Incendiary weapons

Massive explosion Massive explosion © Photo by guvendemir on iStock

What are incendiary weapons? 

Incendiary weapons are among the cruellest weapons used in contemporary armed conflicts. These weapons injure or kill people, together with setting fire to objects through heat or flame produced by a chemical reaction of a flammable substance such as napalm or white phosphorus. 


How are they affecting civilians?

Incendiary weapons cause extremely painful and excruciating burns and destroy homes, civilian objects and other infrastructures. The invasive burns inflicted by these weapons can cause immediate and long-term suffering and, in many cases, a painful death. Particularly, incendiary weapons can cause fourth- and fifth-degree burns that damage skin, muscles, ligaments, tendons, nerves, blood vessels, and even bones, leading to shocks and infections. Another possible consequence is respiratory damage to the lungs and tissues that is caused by carbon monoxide poisoning. 

Survivors often experience lifelong disabilities and psychological trauma because of the severe scarring and disfigurement, which can drive them to withdraw from society. 

Furthermore, since incendiary weapons are used in populated areas, as is happening in Syria, they also cause socioeconomic harm and displacement since they destroy homes, schools, hospitals and other civilian infrastructures.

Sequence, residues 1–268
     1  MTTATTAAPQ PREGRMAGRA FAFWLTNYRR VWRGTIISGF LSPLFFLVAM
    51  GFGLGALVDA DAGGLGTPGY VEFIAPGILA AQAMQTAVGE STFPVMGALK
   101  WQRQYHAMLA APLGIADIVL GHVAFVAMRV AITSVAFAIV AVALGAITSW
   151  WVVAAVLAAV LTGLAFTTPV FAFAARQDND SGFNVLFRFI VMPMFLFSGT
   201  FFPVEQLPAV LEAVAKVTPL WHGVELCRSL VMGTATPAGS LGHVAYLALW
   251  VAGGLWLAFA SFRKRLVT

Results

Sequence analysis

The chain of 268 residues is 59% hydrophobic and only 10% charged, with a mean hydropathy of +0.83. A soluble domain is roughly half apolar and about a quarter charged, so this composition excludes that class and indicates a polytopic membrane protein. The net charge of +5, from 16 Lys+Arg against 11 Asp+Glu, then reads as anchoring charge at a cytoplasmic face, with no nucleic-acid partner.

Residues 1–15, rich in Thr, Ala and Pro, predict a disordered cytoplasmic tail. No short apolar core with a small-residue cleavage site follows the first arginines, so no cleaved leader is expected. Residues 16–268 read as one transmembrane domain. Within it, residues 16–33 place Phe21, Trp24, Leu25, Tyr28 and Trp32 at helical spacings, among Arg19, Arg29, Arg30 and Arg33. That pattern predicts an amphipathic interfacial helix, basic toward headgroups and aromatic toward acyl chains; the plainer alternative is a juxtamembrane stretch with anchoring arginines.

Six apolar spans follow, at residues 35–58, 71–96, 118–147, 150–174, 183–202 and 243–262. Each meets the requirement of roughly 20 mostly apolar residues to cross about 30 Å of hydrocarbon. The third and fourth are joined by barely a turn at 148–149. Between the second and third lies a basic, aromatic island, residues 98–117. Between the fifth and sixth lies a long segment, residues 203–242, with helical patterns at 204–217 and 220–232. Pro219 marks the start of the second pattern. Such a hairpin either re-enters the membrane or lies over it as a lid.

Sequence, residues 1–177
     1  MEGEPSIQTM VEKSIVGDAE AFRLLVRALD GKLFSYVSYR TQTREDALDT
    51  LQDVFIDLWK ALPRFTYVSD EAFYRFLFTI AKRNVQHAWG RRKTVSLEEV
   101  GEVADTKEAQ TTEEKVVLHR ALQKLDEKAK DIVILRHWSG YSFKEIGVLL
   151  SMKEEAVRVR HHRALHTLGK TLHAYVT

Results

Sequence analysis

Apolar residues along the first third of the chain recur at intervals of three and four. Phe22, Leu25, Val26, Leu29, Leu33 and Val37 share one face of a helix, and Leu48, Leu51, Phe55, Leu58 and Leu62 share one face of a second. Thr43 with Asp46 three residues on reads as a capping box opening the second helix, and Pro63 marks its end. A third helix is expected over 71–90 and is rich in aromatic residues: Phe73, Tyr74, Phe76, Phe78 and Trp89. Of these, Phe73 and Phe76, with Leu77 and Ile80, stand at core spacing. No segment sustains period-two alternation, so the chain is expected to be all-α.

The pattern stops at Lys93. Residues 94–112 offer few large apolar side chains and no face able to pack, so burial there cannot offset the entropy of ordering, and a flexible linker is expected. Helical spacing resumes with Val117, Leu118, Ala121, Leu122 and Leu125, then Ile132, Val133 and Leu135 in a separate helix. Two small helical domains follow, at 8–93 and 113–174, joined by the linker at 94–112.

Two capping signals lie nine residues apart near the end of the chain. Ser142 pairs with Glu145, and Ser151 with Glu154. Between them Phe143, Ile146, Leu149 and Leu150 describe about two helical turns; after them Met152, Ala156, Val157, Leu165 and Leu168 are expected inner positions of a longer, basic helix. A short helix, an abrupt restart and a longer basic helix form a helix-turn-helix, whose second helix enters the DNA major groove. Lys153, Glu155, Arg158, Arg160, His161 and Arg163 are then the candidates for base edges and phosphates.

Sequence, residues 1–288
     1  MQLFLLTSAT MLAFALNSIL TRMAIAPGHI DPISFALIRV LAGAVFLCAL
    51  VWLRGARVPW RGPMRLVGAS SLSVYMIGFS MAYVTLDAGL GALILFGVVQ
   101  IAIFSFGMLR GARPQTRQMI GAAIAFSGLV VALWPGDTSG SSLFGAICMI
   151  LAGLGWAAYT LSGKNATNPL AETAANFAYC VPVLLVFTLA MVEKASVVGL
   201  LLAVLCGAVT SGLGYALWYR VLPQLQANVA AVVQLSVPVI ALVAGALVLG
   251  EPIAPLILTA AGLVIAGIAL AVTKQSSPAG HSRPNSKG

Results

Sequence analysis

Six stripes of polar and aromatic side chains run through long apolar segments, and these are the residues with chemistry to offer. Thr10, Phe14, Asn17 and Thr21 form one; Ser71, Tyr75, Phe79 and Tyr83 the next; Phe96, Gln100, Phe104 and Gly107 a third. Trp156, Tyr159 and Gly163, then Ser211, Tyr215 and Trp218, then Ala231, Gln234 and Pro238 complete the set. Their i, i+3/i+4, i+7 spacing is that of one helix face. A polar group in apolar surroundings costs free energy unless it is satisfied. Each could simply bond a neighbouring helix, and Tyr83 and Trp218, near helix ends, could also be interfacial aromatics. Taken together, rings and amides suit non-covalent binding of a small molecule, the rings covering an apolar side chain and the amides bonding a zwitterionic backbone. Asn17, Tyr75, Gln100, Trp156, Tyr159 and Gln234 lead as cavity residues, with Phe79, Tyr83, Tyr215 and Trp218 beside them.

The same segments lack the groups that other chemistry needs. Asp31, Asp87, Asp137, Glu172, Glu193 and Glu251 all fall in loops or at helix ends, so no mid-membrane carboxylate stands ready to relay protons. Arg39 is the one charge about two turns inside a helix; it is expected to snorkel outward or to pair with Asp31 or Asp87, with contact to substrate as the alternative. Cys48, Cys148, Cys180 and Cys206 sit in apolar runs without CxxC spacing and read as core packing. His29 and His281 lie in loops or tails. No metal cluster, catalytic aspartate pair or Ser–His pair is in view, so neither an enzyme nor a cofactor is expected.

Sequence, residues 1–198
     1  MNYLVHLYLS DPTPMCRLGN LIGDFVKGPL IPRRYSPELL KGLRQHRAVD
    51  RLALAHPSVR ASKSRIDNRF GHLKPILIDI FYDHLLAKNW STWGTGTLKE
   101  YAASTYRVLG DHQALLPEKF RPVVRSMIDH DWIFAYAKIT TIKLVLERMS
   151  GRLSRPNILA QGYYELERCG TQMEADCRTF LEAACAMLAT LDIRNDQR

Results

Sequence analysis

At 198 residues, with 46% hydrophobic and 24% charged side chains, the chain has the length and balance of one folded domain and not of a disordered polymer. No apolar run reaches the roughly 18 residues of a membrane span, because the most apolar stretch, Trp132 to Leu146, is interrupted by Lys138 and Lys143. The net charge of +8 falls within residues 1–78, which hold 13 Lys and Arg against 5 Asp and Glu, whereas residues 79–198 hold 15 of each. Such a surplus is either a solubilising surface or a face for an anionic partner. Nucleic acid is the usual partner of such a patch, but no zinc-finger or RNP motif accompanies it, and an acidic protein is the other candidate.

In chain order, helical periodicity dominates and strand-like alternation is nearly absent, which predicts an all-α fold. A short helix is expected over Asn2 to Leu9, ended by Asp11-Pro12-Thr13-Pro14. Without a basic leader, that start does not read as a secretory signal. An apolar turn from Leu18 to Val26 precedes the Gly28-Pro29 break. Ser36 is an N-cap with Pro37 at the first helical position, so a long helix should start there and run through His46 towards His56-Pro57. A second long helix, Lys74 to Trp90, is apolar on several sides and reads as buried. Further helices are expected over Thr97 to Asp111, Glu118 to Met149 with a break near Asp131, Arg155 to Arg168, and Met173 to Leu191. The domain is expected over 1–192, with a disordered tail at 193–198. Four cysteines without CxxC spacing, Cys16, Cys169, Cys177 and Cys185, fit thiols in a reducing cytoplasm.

What is the international community doing about it?

Protocol III to the 1980 Convention on Conventional Weapons (CCW) regulates incendiary weapons and currently, more than 110 nations are parties to it. However, the Protocol has loopholes that reduce its legal and normative power, as it excludes multipurpose munitions that have the same incendiary effects and does not contain strong regulations for ground-launched models or air-dropped ones. Human Rights Watch urges states to review the protocol and to close those loopholes. CCW states parties have expressed their commitment to review and strengthen the protection offered by Protocol III and they should address this issue during the 2021 CCW Review Conference which will be held in December. 




Author: Eleonora Gonnelli


Read 713 times